By positivity, I don’t mean a pollyanish/ rose-colored glasses outlook 24/ 7/ 365. To me, it’s more about making sure that I don’t default to the negative, admittedly a hard task at times.
Stoicism is something I have only recently begun studying. Ultimately, it’s less about being like Mr. Spock and more about choosing one’s reaction to the ebb and flow of life. In short: “Men are disturbed not by things, but the views which they take of them” (Epictetus, Enchiridion).
I have long been a practitioner of cognitive behavioral therapy. The main thrust of CBT is identifying and challenging negative, unproductive thoughts… thoughts that can lead one down the path to anxiety and depression. Stoicism exemplifies that.
NOTE: I plan to cover CBT in more depth in another post.
Intelligence: I value intelligence in myself and others. It’s important to devote time and energy to learning and enhancing one’s cognitive skills… everyday (see Kaizen, above). Granted, there are those that seem to have a greater degree of natural intelligence than others. Good for them, but I am more concerned with, as above, valuing intelligence along with prioritizing intellectual growth and development. So do a little something on a daily basis to expand your mind:
  • Learn a new word (and use it).
  • Make it a point to learn something new everyday.
  • Watch a documentary.
  • Take an online course about something of interest to you.
  • Conquer a challenging brain teaser or some other puzzle.
  • Listen to some music that you might not normally listen to.
  • Read non-fiction when you usually read fiction.
  • Read poetry when you usually read prose.
  • Just read. A lot.
Being “dumb” is not funny. It’s not cool. We were all born with a certain amount of native intelligence, and I believe that we all have a certain amount of responsibility to ourselves and those around us to work diligently at developing it.
Integrity is two-fold. One, it’s all about treating others as I would want to be treated (to act in any other way is, in my view, a bit hypocritical). Two, it’s simply about being honest and doing right by yourself and others. Fortunately, the two typically go together.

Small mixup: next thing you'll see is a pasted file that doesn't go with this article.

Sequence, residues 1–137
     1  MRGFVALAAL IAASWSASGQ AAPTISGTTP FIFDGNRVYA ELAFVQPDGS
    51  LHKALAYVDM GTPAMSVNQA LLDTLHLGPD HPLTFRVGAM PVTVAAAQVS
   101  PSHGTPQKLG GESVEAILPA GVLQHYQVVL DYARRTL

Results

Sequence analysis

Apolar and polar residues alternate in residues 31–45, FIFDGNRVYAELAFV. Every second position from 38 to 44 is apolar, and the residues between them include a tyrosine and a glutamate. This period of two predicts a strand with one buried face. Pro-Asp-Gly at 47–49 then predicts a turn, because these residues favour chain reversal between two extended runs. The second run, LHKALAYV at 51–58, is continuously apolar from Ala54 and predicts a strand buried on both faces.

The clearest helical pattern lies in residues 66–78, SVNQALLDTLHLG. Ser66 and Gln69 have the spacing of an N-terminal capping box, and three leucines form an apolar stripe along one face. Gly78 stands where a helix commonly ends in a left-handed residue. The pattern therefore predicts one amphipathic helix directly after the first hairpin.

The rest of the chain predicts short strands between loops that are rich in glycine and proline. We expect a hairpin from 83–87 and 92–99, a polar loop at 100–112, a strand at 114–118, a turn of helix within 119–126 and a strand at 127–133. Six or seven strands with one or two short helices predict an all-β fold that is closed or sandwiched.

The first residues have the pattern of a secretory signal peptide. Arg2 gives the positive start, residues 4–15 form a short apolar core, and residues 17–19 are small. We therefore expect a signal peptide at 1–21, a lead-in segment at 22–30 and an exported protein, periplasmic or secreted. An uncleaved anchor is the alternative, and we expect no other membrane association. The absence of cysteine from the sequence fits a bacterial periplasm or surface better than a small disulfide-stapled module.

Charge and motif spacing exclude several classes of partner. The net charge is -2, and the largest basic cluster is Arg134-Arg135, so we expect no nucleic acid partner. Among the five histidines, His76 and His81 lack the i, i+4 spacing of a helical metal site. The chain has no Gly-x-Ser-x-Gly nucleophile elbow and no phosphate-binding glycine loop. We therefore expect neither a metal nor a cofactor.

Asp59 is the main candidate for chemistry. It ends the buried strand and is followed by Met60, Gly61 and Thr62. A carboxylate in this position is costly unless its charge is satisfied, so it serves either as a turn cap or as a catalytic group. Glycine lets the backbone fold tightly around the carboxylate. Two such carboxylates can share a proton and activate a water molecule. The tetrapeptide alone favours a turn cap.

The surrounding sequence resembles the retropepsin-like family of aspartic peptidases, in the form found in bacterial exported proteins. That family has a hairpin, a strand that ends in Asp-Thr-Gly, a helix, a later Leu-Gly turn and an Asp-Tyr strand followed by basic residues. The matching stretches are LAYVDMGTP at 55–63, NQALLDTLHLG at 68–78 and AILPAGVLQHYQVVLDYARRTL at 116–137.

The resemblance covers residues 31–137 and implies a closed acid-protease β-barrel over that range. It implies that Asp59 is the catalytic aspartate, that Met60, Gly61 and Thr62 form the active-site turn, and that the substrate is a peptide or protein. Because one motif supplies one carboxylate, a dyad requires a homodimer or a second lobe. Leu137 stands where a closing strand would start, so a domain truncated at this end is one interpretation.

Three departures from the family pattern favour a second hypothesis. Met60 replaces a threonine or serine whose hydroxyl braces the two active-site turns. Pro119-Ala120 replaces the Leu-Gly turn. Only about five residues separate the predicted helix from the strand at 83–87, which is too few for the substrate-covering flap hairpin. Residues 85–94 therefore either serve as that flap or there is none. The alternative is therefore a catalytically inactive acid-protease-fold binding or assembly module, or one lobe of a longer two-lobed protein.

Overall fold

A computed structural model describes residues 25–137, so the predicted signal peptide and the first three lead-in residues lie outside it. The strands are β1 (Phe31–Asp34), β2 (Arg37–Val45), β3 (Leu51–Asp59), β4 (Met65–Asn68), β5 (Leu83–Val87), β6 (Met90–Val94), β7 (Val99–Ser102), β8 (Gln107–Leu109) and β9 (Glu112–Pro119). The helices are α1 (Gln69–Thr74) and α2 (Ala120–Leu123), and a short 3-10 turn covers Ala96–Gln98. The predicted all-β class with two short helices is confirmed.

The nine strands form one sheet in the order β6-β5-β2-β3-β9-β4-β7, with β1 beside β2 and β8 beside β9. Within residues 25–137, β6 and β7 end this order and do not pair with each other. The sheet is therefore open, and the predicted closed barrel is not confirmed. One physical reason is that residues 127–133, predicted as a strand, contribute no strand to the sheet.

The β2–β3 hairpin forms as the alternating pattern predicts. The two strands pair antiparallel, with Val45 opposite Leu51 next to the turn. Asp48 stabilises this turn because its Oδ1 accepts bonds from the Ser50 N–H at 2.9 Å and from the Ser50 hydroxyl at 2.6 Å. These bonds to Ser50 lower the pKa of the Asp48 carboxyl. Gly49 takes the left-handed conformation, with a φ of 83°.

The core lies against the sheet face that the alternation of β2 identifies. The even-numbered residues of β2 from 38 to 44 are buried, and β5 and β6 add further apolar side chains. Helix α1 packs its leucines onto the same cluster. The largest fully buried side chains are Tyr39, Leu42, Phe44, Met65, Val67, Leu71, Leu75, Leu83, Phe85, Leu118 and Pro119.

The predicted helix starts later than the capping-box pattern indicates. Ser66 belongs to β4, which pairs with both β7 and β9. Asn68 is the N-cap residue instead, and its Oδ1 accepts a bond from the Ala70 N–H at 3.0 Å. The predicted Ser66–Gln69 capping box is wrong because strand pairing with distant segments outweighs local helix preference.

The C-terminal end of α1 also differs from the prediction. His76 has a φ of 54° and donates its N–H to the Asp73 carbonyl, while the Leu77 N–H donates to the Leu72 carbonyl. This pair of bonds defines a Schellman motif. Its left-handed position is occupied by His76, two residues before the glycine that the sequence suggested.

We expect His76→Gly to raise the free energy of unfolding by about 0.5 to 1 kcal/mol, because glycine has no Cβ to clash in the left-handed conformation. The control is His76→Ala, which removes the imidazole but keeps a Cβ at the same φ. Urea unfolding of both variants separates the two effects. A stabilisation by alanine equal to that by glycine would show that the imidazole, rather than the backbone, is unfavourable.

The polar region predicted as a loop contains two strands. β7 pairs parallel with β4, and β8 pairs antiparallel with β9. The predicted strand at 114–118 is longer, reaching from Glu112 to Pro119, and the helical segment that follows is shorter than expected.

I don’t like it when people are rude to me or those I care about, so I won’t treat others that way. I don’t like it when people try to take what’s mine, thus I won’t do that to anyone else.
Ultimately, it’s very simple: fair is fair.
Harmony: I’m not one to argue just for the sake of arguing. I believe that life is much easier when people at least try to get along. Yes, I will stand up myself and my beliefs when necessary, but I carefully pick my battles. Striving for harmony has become more important as our nation (and world) becomes more divided. So many people are consumed with labels and being right all the time. They insult others merely because someone dares disagree with them.
We need more people who at least attempt to get along with others. Ultimately, we are stronger when we band together.
Ikigai is a Japanese concept that translates to “reason for being”. Having an ikigai to consider can have a powerful, galvanizing effect on your life. My children certainly give me a reason for being, but I also strive to encourage and inspire those who struggle in life, as I have.

As I stated above, your values can act as framework for decision-making as well as a guide to how you conduct yourself. Take for example, the current state of political discourse. I see people become unhinged and hurl insults at one another, all as a result of differing opinions. Some post memes and links with no attempt to verify any “facts” therein... information that defies credulity. There are those who try to appear authoritative, yet exhibit sub third grade English skills. Being mindful of some of the value above could help in any of these instances:
  • Before calling that person on the other side of the ideological aisle an “idiot”, or throwing out the insult du jour, why don’t you stop and think? Does insulting this person advance your cause or boost your argument? Name calling helps no one while deepening the divides between people.
  • Prior to posting that meme about the other side’s candidate, take just a moment to do a little research. A quick Google search will generally give you a sense of whether your post is factual or not. A minimal investment of time and effort will help prevent the spread of untruths.
  • I have seen comments on political posts that are so poorly written as to be incoherent. Take a second to capitalize, punctuate, and put that spell check to use.
Take a moment. Take a deep breath. Think. Acting completely on the emotion of the moment helps no one and serves nothing. Exert just a bit of self discipline and rise above the this mire. Use your intelligence to make certain that your comment is, at least, legible. Consider whether jumping into that argument is worth disturbing your harmony. I could go on, but I don’t wish to belabor the point.

There are times that one’s values can conflict with one another.
Navigate using your values as a road map, and your life will certainly be richer and more peaceful.

Tuesday, October 4, 2016

Greenspace: A Neighborhood Story

Dichotomy: noun  di·chot·o·my \dī-ˈkä-tə-mē also də-\ : a difference between two opposite things : a division into two opposite groups. (source:

My neighborhood is unusual.